Help! They're Taking Away My POTS!

A funny thing has happened while we've all been paying attention to VoIP and SIP trunks. Those plain old telephone service (POTS) lines have suddenly become expensive circuits, and we don't have a bulletproof solution to replace all of them.

This is sort of like figuring out who you're going to ask to the prom. You spend your time and attention on the captain of the cheerleading squad, figuring you can count on the girl next door if that plan doesn't work out. The only problem is you didn't get your date with the cheerleader, and now you discover that your backup isn't available either!

Unfortunately, most businesses can't get away from POTS altogether. IT doesn't have time to research proven and reliable POTS alternatives, and alarms, elevators, faxes, phone system backup, and many other equipment that a business depends on rely on RJ11 POTS connections. Who doesn't want the peace of mind that comes with 99.999% reliable phone lines that don't need power cords (since POTS lines gets their power from the phone company's central office)?

Comcast, Charter Communications, and other cable companies have been wooing residential customers with triple-play packages combining cable TV, phone, and Internet services. In doing so, they've chipped away at the telcos' most reliable revenue stream. And wireless providers have enticed consumers as well; according to a U.S. government study, there are now fewer POTS lines than cellular lines in the residential market , as CBS News reported earlier this year.

Consider the flood damage Hurricane Sandy wreaked on central offices in the Northeast back in 2012. The flooding gave AT&T and Verizon pause, leading them to wonder, "Why should we rebuild these when we can use VoIP instead and use a data center (with redundancy) anywhere in the world instead of multiple central offices?!"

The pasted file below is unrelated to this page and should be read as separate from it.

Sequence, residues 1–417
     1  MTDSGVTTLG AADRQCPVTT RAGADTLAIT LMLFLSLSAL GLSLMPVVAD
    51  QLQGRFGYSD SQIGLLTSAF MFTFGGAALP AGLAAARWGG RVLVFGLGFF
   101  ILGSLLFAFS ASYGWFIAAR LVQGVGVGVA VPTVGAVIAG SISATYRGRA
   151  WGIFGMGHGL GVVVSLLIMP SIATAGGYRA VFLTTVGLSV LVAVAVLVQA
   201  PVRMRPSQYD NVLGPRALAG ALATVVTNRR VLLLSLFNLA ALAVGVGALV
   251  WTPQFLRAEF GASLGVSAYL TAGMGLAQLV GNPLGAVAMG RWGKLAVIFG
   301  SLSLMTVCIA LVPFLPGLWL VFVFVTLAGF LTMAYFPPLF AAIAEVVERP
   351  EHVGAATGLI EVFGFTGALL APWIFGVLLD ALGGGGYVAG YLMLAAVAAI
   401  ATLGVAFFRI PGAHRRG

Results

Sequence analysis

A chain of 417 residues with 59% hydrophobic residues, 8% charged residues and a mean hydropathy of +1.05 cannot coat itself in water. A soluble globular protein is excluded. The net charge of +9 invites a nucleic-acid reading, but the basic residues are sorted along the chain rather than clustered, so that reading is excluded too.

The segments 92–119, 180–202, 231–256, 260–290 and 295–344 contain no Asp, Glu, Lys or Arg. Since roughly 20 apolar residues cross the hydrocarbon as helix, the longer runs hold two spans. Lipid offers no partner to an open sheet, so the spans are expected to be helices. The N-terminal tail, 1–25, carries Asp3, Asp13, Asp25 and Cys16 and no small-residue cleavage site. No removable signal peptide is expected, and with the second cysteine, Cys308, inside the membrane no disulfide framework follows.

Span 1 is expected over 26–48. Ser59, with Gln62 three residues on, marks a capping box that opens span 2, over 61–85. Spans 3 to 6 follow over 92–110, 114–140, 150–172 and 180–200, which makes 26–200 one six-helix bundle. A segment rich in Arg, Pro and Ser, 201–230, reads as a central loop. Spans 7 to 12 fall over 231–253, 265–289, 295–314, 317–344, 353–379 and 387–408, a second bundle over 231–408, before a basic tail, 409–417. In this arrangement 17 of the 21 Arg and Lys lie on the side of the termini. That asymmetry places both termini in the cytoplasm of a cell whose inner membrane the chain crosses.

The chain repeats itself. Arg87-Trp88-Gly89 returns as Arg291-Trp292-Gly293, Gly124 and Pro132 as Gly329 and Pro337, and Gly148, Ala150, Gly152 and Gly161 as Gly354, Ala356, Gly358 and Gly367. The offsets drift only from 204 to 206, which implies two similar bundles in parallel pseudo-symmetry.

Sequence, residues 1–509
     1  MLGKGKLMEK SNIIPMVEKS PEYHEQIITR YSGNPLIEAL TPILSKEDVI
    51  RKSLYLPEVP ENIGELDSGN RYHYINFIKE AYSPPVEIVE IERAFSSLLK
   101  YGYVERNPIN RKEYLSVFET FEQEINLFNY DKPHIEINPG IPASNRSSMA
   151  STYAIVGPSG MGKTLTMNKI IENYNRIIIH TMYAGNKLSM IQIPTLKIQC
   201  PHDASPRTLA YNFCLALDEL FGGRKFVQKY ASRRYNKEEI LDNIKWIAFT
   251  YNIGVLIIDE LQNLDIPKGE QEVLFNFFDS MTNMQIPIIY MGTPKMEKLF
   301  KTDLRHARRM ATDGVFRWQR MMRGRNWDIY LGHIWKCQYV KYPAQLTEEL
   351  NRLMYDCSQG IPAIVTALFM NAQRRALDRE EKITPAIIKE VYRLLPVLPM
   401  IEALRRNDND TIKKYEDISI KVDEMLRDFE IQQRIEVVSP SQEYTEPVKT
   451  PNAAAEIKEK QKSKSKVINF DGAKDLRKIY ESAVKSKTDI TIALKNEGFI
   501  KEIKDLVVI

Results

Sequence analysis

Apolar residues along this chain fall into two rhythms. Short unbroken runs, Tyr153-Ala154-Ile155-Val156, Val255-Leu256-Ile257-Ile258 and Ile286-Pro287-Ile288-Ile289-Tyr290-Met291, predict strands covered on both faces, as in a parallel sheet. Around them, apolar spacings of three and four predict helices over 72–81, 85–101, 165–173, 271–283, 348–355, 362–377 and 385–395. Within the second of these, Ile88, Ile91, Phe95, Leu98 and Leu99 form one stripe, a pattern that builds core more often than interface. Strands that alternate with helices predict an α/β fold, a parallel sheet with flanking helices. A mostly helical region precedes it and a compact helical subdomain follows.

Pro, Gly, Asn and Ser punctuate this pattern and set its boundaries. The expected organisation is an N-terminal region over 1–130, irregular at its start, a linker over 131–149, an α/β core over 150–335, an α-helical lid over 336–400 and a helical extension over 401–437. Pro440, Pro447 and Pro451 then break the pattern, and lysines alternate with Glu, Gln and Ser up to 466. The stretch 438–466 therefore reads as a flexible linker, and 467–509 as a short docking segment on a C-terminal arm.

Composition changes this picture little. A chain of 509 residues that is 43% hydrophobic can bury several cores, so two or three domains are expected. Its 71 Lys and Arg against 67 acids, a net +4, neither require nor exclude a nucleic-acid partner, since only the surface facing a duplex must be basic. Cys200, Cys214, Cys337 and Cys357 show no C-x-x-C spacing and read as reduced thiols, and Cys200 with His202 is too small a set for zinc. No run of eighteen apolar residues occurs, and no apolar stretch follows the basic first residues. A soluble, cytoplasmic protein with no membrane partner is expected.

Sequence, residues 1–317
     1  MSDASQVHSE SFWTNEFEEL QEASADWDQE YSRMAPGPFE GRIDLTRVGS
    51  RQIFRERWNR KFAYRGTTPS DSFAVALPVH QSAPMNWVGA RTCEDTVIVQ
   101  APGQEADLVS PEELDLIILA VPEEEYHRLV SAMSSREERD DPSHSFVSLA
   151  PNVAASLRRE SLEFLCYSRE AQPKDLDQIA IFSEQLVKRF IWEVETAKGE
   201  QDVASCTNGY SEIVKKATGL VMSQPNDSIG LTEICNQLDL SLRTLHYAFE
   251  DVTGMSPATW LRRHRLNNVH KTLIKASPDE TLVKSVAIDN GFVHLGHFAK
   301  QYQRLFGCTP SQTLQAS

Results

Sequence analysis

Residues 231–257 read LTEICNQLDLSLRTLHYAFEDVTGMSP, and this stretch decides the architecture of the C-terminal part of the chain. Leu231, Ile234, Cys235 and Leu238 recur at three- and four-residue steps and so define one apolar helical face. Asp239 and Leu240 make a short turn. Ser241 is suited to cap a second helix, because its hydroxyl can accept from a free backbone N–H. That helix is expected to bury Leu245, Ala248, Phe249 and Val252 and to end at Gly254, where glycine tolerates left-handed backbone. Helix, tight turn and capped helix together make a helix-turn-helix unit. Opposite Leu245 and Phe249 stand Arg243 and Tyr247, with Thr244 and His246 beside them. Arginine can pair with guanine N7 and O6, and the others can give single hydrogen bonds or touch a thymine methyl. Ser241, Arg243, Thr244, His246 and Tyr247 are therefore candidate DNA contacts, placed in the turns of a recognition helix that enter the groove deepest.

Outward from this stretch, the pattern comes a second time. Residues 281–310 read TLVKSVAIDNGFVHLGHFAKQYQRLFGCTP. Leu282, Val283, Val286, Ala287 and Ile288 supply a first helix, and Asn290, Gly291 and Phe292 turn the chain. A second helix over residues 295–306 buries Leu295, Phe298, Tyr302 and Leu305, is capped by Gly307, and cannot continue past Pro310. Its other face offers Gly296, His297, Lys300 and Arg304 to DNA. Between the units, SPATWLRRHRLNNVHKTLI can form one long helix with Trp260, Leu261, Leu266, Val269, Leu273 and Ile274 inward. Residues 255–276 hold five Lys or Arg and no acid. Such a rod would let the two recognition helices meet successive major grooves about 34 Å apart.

But the carriers must still pay the fixed costs of field technical staff salaries, benefits, trucks, and equipment even as the POTS inventory shrinks. It doesn't take an economics Ph.D. to figure out the cost must increase for POTS -- and has it ever! We've seen sharp rate increases in 2017, and expect the trend to continue next year.

However, AT&T, Verizon, and other incumbent local exchange carriers (ILECs) have seen this coming for a while, as have the competitive local exchange carriers (CLECs). While CLECs generally don't sell POTS any longer, the ILECs have lobbied state legislatures and the Federal Communications Commission (FCC) to remove the requirement to deliver POTS. Selling copper isn't cool anymore. If fact, it's just too expensive and delivers little value in return.

In 2014, the FCC began conducting trials on converting entire communities from PSTN to VoIP. And so far 20 states have authorized the end of POTS to the ILECs.

On reliability POTS has always come out on top -- who doesn't love a technology that simply works, every time, when you plug it in? But the rising costs are forcing a look at alternatives. Whether you're in front of the trend or following it, you need to keep moving your business away from POTS (and for that matter Centrex and ISDN PRI). Here's what we tell our clients:

  1. Cut whatever you don't need. This means you need an up-to-date inventory of circuits labeled by use. This is also where you save the most money.
  2. Move whatever you can to an alternative technology (DID on the PRI, eFax, SIP, or IP-based technology). There are plenty of alternatives to POTS, so go after the low-hanging fruit.
  3. Get the best POTS contract you can for the longest term possible. You're not going to be able to move all your equipment off POTS lines. These are the ones you may need to live with until you have a better alternative.

We really don't know how long POTS will be around, but IT is tasked with finding cost-effective solutions to organizational needs. Now is the time to work your magic before you're stuck with your POTS lines falling off contract and the ILEC saying it's not offering contracts on the service any longer!

portable"SCTC Perspectives" is written by members of the Society of Communications Technology Consultants, an international organization of independent information and communications technology professionals serving clients in all business sectors and government worldwide.

Related posts:

  • Telephony Elegy for Rural America
  • When to Turn Your POTS into PANS